When you go to the police station, be sure to bring another form of ID with you if possible. You will need to fill out a one-page Lost Property Report (遺失届 or ishitsu todoke). You can download an English version here, fill it out beforehand, and bring it with you (you can print it out at a convenience store) to make the process easier.

Find reception (or any employee) and tell them you want to file a Lost Property Report. They should take you the right area of the station to do so. You will fill out the form and turn it in. That information will then be entered into their database to check for your card. If that station or police box (koban) doesn’t have the card, they can also broaden their search and check to see if your card was found by another police station. If it’s been found, they will direct you on where to go to pick it up. Yay!

If it’s not found, you should ask them for a form proving that you checked for your card at the police station. You could try explaining that you’re going to immigration, but that probably won’t be necessary. The form is the Lost Property Certificate, or 遺失出証明書 (ishitsu todokede shomeisho). I’ll explain why you’ll need it shortly.

For now, here is a simple point-and-say list you can reference at the police station:

Sumimasen. Amari nihongo ga dekinaindesuga.
Excuse me. I can’t speak much Japanese.

Eigo o hanaseru kata ga imasu ka?
Is there anyone here who can speak English?

Kore wa ishitsu todoke desu.
Here is my lost property report. (If you filled it out beforehand.)

Roppongi de jyuuichi gatsu no jyuuichinichi gurai ni zairyuu kaado o nakushiteshimaimashita.
I lost my residence card in Roppongi around November 11th. 

Ishitsu todoke o dashitai desu.
I would like to submit a lost property report.

Foomu no kinyuu o tetsudatte moraemasuka?
Could you help me fill out the form?

Nyuukoku kanrikyo ni motteiku ishitsu todokede shomeisho ga hitsuyou desu ga.
I need a Lost Property Certificate to take to immigration, please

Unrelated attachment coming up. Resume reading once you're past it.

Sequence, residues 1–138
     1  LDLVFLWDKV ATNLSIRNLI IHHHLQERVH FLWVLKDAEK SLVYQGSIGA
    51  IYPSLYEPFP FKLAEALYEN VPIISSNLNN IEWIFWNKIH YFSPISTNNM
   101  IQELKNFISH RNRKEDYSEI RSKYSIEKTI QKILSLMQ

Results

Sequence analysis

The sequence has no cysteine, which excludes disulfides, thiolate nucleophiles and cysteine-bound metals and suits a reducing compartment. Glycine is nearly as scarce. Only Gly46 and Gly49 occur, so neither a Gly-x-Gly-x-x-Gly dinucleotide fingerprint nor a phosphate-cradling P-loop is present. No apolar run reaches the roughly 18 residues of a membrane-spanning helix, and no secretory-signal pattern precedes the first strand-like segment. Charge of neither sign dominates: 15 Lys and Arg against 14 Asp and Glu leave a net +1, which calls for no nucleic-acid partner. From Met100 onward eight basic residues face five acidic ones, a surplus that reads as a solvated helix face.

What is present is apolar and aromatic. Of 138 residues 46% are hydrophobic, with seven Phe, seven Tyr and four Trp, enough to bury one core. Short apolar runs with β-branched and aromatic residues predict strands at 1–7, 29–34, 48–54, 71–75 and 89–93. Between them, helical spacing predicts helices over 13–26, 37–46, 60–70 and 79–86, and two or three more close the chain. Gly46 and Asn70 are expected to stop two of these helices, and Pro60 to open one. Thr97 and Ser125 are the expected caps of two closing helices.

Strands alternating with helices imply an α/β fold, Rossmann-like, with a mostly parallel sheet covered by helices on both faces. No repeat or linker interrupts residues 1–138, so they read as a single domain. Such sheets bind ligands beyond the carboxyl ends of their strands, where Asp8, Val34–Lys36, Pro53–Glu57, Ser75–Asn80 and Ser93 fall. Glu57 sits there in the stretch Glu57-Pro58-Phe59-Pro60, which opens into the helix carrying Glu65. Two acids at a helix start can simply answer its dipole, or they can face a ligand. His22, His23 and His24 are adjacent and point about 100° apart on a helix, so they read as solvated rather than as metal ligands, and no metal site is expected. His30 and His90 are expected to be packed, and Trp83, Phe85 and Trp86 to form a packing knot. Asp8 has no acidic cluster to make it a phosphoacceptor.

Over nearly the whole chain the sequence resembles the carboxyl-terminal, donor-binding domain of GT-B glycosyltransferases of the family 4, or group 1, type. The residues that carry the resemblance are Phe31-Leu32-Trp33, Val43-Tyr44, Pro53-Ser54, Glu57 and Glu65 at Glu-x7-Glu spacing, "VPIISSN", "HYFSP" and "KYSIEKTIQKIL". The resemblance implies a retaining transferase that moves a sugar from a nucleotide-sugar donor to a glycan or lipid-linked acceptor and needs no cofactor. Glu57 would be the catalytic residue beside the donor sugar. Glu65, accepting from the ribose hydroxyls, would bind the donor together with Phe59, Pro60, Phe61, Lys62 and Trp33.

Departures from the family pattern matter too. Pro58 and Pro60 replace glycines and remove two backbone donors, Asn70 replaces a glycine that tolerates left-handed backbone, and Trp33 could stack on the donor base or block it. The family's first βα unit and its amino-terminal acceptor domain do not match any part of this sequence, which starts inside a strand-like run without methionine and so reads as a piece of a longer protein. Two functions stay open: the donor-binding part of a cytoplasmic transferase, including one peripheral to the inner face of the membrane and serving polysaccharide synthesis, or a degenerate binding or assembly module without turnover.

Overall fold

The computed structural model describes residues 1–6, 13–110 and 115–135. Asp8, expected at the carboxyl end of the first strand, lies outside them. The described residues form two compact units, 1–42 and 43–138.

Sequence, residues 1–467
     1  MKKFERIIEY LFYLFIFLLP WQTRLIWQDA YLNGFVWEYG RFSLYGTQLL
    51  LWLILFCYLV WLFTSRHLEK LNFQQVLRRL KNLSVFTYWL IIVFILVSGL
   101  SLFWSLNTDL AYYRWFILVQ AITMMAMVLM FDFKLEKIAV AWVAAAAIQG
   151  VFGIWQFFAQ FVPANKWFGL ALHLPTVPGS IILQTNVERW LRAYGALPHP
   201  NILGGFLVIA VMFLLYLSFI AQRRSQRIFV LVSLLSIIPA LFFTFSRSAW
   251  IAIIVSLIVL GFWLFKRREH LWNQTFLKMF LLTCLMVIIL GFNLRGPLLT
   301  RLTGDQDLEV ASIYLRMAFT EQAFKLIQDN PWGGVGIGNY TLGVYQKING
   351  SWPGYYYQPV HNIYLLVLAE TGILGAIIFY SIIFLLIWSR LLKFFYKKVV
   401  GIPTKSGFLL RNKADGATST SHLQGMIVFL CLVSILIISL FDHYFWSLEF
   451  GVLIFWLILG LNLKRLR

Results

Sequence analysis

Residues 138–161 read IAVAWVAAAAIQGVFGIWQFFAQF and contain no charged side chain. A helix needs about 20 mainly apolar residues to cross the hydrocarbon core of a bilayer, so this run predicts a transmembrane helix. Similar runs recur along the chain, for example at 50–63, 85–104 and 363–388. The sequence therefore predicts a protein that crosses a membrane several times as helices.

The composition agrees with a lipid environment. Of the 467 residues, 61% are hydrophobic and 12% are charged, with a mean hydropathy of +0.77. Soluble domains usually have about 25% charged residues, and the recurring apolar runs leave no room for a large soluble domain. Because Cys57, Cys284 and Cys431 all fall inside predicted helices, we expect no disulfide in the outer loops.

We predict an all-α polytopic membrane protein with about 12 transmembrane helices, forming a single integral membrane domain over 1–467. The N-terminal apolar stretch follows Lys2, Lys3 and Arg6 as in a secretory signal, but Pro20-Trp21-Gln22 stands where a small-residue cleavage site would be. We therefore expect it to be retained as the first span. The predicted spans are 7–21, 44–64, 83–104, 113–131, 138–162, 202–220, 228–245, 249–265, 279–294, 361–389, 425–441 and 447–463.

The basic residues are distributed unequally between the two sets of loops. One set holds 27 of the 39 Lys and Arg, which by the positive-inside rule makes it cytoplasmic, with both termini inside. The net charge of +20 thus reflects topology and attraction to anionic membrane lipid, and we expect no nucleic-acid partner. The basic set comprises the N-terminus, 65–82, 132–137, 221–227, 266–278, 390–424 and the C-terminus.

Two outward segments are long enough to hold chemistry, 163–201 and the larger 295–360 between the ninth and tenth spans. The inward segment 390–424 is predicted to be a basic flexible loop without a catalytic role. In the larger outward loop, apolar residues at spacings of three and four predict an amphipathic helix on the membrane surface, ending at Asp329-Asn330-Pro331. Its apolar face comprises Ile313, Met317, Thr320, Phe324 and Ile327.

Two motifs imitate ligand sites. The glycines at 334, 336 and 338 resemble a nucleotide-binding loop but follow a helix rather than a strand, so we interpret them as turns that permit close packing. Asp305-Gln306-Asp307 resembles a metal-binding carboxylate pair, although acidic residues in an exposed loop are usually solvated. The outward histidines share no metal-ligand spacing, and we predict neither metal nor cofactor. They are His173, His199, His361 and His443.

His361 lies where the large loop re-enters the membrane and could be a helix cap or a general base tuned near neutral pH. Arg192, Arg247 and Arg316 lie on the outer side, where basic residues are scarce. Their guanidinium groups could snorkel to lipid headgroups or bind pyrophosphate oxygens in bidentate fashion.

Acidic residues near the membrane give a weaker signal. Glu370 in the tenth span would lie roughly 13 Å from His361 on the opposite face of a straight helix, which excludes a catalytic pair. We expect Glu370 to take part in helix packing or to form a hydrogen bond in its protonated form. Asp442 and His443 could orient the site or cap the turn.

Tips for Navigating Interactions with the Japanese Police

man in blue dress shirt and black pants carrying yellow plastic basin
  • Try to remain as humble and polite as possible. If the situation starts to feel tense or stressful, remain calm.
  • If you can’t communicate well in Japanese, do your best to prepare what you need to say before hand and write it down or type it out on your phone so you can easily show it. 
  • Don’t be afraid to emphasize that you can’t speak Japanese or understand what’s being requested of you. 
  • Assuming you have another form of ID and you report within 14 days of losing your card, not too much more should be requested of you than what’s written above.
  • If the process becomes stressful or in the rare case that you feel you are not being treated well by someone at the station, politely take your leave and try to return with a Japanese-speaker.
  • If you feel truly nervous about navigating this, try to enlist the help of someone who can speak Japanese before you go.
  • Remember that the police and other employees are there to help. In my experience, they will do everything in their means to resolve your issue.

Applying for a New Residence Card at Immigration

Before visiting immigration, you might be able to schedule an appointment online. This could significantly cut down your waiting time. But if time is not an issue or if you can’t schedule an appointment for any reason, just go to immigration on a day that you’re free. It has to be a weekday. Immigration usually opens at 9:00 am, and it’s recommended to go at the start of the day to give yourself a better chance of receiving your new card the same day and also to beat the heavier crowds later in the day.